Symonds insists that the latest technology – direct injection, pressure charging and improved ignition systems, etc – will generate a much more efficient, cleaner, greener two-stroke.
They should make a nice noise, too, for the oldies among us.
He undoubtedly knows his stuff. But so, too, does the designer/engineer, with experience of Formula 1 cars and two-stroke GP motorbikes, to whom I spoke this week. Our interview was ostensibly on another topic and so I won’t quote him on this one, except to say that he couldn’t “quite see it”.
But let’s try to end on a positive note.
The card of the Boxing Day Brands Hatch meeting of 1959 included one of the more important races in Britain’s motor sporting development: the John Davy Trophy for Formula Juniors.
On its grid were: Scotsman James Clark Jnr, making a fractious single-seater debut in a Gemini of The Chequered Flag; the first Lola single-seater; Cooper’s first FJunior; and Colin Chapman’s first design with its engine behind the driver.
The Lotus 18 arrived late, unpainted and sans its mandatory rollover hoop. Its engine was an over-square Ford ‘cooker’ on twin carbs and a racing pipe, the intended pukka version having gone pop. And its handling was unsorted, poor Alan Stacey spinning at least twice as a result.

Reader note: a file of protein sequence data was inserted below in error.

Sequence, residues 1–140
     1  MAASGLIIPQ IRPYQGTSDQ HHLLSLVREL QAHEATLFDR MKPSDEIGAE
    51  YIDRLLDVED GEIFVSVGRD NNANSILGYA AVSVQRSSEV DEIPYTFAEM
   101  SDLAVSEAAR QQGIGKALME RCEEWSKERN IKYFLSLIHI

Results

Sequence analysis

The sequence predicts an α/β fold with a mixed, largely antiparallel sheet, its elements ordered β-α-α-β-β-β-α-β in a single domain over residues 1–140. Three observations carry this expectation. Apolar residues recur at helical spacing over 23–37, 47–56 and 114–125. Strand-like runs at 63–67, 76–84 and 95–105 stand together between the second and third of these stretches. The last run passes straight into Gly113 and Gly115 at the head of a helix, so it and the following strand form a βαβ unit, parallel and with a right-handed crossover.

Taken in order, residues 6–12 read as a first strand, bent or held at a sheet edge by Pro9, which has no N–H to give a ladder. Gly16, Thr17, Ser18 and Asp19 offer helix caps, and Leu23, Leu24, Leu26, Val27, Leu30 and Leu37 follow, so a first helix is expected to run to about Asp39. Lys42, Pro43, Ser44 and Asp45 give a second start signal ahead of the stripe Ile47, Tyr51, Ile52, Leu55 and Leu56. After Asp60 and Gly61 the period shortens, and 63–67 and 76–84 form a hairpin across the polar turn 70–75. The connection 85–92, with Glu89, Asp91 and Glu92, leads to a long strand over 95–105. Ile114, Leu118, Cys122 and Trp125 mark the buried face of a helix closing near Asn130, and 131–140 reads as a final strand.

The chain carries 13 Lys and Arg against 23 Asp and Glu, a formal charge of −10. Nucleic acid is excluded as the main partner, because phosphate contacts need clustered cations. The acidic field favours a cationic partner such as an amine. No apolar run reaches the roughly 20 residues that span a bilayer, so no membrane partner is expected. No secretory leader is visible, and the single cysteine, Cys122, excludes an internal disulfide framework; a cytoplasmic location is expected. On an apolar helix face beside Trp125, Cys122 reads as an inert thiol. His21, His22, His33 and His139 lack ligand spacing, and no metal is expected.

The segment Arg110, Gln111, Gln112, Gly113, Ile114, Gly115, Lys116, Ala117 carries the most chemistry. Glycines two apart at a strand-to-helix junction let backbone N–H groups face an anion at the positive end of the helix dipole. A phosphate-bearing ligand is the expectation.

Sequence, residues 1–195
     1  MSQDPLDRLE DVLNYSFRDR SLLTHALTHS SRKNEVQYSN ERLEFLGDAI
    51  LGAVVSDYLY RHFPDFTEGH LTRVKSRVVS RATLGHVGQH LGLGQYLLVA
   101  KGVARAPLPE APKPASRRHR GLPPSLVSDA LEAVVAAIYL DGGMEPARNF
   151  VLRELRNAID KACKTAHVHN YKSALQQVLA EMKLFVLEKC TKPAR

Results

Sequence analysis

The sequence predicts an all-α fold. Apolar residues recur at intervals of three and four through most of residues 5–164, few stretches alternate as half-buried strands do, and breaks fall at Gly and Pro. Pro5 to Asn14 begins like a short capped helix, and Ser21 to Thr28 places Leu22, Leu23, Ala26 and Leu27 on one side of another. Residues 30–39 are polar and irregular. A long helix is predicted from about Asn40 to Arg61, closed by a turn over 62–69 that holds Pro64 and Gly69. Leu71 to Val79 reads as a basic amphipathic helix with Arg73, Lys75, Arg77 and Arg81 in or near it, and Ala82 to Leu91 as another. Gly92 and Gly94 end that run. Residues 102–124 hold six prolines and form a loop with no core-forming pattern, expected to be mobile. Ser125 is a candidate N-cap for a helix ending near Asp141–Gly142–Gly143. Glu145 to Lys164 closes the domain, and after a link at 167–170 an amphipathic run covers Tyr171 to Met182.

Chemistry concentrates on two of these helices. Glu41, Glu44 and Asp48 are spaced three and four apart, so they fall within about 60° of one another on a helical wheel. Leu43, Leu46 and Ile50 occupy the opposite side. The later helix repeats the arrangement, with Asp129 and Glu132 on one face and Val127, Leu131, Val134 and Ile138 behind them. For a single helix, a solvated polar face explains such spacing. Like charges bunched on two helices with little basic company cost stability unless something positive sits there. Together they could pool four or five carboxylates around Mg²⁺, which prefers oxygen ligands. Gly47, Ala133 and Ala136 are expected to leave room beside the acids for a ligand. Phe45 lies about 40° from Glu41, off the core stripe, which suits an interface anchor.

The Cooper of Mike McKee, powered by a BMC A-Series, was off the pace, too, and so the battle at the front was left to the front-engined machinery.
In a thrilling finish, Peter Arundell’s works Elva crossed the line 0.4 seconds ahead of Peter Ashdown’s fast-closing Lola-Ford – but did so trailing a plume of smoke, its DKW three-cylinder two-stroke having tightened dramatically after just 10 short laps.
Third was the second works Elva-DKW of Chris Threlfall, who had set fastest lap despite having the smaller – 980cc versus 1082cc – of the engines supplied by German driver/engineer Gerhard Mitter.
For a brief time, therefore, the ‘Deek’, reckoned more tunable and yet already more powerful, albeit undoubtedly thirstier, than its four-stroke rivals, was the buzz of this burgeoning scene. But by March 1960, Messrs. Chapman, Clark & Cosworth had got their combined acts together, and that was pretty much that.
And it has been ever since. And likely will be until, oh, 2025. Perhaps?
PS Arundell became the ‘King of Formula Junior’ in works Lotus-Fords.